Vampire stories divide opinion like few other genres. The definition of the vampire is so loose that it allows a myriad of interpretations and some quite ingenuous movies have been made using the broad spectrum of myths, lore and legends of the beast. Temptation, on the other hand, is throwaway crap of the highest order.

The opening scene, classic beginning the story in the middle technique, shows Issy (Caroline Haines) on London’s Tower Bridge, wrestling with the question of whether or not to jump. If only she had. You see, we soon find out that Issy has 48 hours to decide between ‘life’, as a member of London based group of female vampires, or death.

Quite a choice; and how she gets to this life-defining moment is presented to us in gloriously awful acting and direction. I do wonder as to whether the acting is really as bad as it appears, or if the direction just makes it seem so. It is as if every scene is cut about one second short, meaning reactions and dialogue all look as if they are just that bit forced. Whatever it is, Temptation becomes quite difficult to watch.

Issy is raped and about to be left for dead by an unregistered cab driver in London; you know the stereotype, overcoat wearing Caucasian in his late-fifties, greying hair and perma-sneer. In fact, just the kind of guy whose non-taxi looking car you’d jump into after a night on the tiles. However, as Issy is being finished off, Aurelie comes in and kills the rapist. Issy’s pleas for help are then answered by way of a drop of the vampiric Aurelie’s blood. Thus, her 48 hours of hell begin.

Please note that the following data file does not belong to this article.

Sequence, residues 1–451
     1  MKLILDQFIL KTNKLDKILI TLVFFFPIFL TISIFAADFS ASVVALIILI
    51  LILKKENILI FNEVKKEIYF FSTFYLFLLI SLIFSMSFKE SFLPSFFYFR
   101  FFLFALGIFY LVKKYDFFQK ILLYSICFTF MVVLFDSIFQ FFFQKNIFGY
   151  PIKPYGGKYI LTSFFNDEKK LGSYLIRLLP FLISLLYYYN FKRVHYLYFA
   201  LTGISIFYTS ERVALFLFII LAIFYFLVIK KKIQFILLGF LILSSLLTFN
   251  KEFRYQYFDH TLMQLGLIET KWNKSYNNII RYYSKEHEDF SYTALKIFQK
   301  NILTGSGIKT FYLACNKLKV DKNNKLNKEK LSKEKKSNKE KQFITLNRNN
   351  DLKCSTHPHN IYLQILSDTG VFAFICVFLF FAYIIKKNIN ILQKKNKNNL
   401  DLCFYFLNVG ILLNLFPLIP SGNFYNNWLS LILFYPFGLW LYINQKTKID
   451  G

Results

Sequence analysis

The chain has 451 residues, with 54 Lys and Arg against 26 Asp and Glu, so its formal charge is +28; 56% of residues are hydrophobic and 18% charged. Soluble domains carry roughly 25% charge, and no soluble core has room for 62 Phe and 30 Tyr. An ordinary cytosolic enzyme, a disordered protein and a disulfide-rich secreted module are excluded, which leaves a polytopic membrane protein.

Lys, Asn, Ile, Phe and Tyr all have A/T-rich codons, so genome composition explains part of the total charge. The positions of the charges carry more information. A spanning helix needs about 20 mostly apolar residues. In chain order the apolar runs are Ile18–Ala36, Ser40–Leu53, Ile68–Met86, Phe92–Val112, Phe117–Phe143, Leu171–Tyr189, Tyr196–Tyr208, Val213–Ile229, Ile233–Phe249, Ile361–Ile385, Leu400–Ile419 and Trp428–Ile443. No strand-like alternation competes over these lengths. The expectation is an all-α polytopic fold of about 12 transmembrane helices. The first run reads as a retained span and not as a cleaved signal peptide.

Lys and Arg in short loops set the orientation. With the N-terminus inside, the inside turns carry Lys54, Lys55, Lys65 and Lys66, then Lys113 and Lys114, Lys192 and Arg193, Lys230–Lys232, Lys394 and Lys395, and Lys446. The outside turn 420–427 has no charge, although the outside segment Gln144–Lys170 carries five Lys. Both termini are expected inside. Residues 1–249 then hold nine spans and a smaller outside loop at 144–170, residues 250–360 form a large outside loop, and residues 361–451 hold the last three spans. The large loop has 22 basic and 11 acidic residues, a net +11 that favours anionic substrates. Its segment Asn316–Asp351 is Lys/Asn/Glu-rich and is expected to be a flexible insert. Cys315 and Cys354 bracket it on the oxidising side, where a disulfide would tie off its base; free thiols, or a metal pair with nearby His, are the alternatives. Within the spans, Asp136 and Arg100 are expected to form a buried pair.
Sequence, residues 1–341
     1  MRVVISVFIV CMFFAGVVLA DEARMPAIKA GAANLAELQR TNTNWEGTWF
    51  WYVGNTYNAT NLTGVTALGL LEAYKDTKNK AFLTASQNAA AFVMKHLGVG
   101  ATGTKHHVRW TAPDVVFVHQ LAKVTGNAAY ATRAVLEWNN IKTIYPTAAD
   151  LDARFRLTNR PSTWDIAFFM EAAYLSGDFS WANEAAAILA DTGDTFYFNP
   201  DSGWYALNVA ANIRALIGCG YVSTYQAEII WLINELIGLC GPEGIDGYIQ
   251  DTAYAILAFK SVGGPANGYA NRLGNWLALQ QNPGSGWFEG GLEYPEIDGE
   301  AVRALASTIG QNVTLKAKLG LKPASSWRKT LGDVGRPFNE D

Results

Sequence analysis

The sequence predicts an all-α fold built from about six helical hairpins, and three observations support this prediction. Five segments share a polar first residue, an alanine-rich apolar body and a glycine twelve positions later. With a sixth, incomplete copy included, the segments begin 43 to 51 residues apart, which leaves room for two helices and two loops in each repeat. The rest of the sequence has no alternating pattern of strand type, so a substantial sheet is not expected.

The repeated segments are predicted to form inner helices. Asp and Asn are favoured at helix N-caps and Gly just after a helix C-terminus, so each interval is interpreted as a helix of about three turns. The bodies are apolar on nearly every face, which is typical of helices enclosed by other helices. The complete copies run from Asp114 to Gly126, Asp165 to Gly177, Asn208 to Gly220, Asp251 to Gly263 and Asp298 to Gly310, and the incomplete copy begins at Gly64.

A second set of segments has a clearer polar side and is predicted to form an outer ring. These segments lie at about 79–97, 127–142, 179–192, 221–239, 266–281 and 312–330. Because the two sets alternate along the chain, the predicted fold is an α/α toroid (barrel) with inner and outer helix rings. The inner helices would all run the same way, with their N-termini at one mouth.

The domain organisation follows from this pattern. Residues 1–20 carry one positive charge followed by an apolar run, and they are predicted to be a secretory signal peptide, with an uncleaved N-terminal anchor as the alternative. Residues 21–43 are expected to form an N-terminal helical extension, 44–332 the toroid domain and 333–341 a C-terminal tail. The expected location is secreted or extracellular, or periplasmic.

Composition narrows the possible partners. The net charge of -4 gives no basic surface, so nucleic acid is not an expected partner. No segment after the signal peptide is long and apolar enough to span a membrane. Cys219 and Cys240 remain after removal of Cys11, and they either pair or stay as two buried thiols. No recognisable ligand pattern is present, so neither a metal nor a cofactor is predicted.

Meanwhile, the police are on Issy’s trail after her phone is found next to the mutilated (and trouser-less) corpse of her violator. Inspector Morris makes the stereotype of the cabby look positively unique in comparison, and his pursuit of Issy is tiresome. Fans of the genre will enjoy the gore, and that there is an army of female vampires luring unsuspecting young lads to a lust-laden doom as well as the fact the violence and sadism levels are on high. The gratuitous flashing of flesh is done from the get-go but adds nothing to the plot, thin as it is, and the overall presentation.

Whilst the acting and directing are well below even a poor B-movie standard, the cinematography is quite well done, with the lighting and vistas of London bringing a pleasing-on-the-eye production to the viewer. If psycho female vampires, below par acting, purposeless plots, and stuttery direction are your thing then I hope you enjoy Temptation, as it has everything you need.